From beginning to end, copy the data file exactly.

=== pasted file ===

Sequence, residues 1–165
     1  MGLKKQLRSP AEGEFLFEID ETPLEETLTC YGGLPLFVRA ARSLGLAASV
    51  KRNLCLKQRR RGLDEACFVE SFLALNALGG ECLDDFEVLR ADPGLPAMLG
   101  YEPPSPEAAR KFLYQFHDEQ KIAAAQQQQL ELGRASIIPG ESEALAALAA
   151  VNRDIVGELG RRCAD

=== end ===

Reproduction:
Sequence, residues 1–165
     1  MGLKKQLRSP AEGEFLFEID ETPLEETLTC YGGLPLFVRA ARSLGLAASV
    51  KRNLCLKQRR RGLDEACFVE SFLALNALGG ECLDDFEVLR ADPGLPAMLG
   101  YEPPSPEAAR KFLYQFHDEQ KIAAAQQQQL ELGRASIIPG ESEALAALAA
   151  VNRDIVGELG RRCAD